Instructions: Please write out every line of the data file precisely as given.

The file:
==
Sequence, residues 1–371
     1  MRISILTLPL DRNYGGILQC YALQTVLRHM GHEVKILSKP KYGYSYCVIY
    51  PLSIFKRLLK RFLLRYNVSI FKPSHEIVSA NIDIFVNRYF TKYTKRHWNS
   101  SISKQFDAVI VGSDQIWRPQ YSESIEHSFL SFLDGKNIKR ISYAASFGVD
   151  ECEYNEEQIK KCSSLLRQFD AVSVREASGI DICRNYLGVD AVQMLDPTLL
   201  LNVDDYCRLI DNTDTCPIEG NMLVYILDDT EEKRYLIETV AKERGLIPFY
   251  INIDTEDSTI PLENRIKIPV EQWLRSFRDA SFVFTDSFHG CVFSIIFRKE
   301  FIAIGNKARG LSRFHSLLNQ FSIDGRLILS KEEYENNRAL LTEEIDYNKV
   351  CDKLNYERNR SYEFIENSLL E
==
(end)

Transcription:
Sequence, residues 1–371
     1  MRISILTLPL DRNYGGILQC YALQTVLRHM GHEVKILSKP KYGYSYCVIY
    51  PLSIFKRLLK RFLLRYNVSI FKPSHEIVSA NIDIFVNRYF TKYTKRHWNS
   101  SISKQFDAVI VGSDQIWRPQ YSESIEHSFL SFLDGKNIKR ISYAASFGVD
   151  ECEYNEEQIK KCSSLLRQFD AVSVREASGI DICRNYLGVD AVQMLDPTLL
   201  LNVDDYCRLI DNTDTCPIEG NMLVYILDDT EEKRYLIETV AKERGLIPFY
   251  INIDTEDSTI PLENRIKIPV EQWLRSFRDA SFVFTDSFHG CVFSIIFRKE
   301  FIAIGNKARG LSRFHSLLNQ FSIDGRLILS KEEYENNRAL LTEEIDYNKV
   351  CDKLNYERNR SYEFIENSLL E